Continuous co-administration of sorafenib and rifampicin resulted in an average 37% reduction of sorafenib AUC. Other inducers of CYP3A4 activity (for example, St. John’s wort, phenytoin, carbamazepine, phenobarbital, and dexamethasone) may also increase metabolism of sorafenib and thus decrease sorafenib concentrations.
CYP3A4 Inhibitors and CYP Isoform Substrates
In vitro and in vivo data suggest that: 1) sorafenib is unlikely to be altered by CYP3A inhibitors, and 2) sorafenib is unlikely to alter the metabolism of substrates of CYP2C19, CYP2D6, and CYP3A4
Sorafenib prolongs the QT interval, hence, concomitant administration with patients taking certain anti-arrhythmic medicines or other medicinal products that lead to QT prolongation, e.g. certain anti-arrhythmic drugs, should be used with caution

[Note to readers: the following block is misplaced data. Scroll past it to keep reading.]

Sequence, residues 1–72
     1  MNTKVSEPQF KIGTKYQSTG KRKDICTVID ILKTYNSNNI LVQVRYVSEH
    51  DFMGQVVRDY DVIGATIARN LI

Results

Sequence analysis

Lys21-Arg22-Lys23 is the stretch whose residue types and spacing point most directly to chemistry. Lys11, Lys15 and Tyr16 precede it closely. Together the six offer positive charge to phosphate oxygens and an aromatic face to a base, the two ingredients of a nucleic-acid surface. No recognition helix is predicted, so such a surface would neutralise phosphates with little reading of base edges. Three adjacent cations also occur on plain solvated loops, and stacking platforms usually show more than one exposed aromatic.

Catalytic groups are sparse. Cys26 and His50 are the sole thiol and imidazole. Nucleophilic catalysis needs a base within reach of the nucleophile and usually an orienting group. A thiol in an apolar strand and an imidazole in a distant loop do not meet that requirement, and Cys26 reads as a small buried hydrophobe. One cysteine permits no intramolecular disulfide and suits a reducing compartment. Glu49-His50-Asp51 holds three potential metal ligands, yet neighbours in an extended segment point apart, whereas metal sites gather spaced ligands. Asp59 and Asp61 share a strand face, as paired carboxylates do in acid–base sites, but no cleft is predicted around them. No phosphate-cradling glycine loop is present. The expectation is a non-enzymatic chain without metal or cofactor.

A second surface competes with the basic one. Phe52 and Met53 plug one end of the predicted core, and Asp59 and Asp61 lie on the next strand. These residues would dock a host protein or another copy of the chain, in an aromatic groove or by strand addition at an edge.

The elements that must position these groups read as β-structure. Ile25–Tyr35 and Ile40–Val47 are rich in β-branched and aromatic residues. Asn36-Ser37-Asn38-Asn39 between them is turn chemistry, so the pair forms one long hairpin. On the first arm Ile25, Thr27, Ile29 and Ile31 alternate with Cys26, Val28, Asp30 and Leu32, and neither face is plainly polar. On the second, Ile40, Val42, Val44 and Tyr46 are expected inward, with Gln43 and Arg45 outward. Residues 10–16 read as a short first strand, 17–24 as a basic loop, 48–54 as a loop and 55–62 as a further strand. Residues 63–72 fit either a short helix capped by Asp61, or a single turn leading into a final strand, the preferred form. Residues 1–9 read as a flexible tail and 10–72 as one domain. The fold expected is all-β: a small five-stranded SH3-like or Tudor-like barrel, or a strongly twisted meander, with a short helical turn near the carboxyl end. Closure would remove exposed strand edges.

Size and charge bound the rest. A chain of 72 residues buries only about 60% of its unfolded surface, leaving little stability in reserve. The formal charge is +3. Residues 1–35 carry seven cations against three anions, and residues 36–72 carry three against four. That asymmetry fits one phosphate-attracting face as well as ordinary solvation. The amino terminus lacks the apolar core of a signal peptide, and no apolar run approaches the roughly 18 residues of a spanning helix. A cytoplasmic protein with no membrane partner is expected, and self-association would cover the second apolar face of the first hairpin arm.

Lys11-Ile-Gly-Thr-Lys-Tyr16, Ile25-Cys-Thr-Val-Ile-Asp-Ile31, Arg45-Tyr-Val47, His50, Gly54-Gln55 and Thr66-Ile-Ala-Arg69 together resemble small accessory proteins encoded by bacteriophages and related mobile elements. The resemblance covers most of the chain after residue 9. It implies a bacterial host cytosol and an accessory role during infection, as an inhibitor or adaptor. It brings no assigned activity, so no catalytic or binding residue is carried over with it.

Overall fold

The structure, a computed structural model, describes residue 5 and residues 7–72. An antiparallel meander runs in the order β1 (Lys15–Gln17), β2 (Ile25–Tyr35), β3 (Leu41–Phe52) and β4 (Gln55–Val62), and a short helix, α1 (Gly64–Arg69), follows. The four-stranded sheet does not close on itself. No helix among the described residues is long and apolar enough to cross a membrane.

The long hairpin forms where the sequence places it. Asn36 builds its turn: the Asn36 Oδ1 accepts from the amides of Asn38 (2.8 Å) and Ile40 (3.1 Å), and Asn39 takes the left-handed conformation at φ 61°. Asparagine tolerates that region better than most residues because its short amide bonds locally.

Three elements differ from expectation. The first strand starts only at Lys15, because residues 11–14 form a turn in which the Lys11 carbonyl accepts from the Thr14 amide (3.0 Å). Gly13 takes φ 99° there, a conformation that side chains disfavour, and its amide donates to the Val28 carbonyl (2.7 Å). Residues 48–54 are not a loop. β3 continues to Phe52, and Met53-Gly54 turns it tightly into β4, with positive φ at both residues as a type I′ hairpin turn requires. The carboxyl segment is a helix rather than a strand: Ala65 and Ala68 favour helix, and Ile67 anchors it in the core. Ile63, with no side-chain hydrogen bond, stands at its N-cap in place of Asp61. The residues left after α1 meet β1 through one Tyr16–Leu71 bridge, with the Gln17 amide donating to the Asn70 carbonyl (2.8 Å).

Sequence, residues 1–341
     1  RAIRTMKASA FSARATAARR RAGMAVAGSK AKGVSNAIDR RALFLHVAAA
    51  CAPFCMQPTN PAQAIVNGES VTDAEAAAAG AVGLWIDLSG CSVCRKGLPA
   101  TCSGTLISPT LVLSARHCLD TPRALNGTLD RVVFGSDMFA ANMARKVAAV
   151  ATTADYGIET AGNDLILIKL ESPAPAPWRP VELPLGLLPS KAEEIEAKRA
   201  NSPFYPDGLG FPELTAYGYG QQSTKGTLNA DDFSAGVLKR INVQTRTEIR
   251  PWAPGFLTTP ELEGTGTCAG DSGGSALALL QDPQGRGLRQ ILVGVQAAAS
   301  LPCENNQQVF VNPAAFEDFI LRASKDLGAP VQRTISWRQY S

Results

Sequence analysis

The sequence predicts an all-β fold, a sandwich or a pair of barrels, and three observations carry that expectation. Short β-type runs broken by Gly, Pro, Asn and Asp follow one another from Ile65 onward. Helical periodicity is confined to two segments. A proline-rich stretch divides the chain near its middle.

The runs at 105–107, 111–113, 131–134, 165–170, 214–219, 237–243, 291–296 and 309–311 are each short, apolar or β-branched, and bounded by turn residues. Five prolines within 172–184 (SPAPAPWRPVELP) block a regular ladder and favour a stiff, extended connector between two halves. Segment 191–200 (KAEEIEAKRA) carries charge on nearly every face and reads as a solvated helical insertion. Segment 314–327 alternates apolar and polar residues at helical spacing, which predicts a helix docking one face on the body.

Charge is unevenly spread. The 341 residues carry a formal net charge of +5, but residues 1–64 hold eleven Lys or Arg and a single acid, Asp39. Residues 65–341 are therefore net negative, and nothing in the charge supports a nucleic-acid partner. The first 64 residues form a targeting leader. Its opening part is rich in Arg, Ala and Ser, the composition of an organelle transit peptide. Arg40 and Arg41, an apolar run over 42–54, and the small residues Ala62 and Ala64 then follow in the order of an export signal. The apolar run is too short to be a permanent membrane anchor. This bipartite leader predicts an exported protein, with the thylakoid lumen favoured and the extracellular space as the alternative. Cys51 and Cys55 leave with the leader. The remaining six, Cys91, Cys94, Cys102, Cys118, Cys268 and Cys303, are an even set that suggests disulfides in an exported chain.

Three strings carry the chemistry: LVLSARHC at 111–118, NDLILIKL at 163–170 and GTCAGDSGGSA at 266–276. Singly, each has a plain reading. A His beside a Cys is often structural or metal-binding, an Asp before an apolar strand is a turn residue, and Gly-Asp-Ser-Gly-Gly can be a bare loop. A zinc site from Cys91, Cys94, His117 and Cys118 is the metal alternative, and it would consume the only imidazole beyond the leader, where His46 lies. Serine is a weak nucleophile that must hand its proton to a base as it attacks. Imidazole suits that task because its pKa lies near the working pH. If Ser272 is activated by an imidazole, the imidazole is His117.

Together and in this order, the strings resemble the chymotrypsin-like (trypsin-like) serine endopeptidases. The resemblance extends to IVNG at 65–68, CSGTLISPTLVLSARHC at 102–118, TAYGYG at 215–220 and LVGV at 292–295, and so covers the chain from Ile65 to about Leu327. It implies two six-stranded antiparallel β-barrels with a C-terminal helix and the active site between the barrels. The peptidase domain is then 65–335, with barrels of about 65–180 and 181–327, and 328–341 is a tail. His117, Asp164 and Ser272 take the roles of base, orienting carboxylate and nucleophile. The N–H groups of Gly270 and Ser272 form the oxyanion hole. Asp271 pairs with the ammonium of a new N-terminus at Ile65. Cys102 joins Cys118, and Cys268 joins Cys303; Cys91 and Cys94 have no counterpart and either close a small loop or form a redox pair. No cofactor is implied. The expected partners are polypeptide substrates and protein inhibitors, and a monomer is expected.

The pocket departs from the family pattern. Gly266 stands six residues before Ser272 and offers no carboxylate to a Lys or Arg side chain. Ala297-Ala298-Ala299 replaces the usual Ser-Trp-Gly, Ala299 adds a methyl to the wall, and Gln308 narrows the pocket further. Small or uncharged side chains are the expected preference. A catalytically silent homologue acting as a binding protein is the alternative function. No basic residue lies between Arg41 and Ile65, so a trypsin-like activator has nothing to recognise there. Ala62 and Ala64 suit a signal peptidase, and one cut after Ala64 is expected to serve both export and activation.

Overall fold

Sorafenib and Neoplastic Agents
When used concomitantly with carboplatin and paclitaxel, sorafenib has been observed to increase the AUC of paclitaxel, and the AUC of sorafenib also increased. Sorafenib can also cause increases in plasma concentrations of doxorubicin, irinotecan, docetaxel, fluorouracil, and paclitaxel.1,2,5 Sorafenib is contraindicated in patients with squamous cell lung cancer, as a result of observed increased mortality with the addition of sorafenib.
Sorafenib and CYP Inhibitors and Substrates
Sorafenib inhibits CYP2B6 and CYP2C8 in vitro. Systemic exposure to substrates of CYP2B6 and CYP2C8 is therefore expected to increase when co-administered with sorafenib.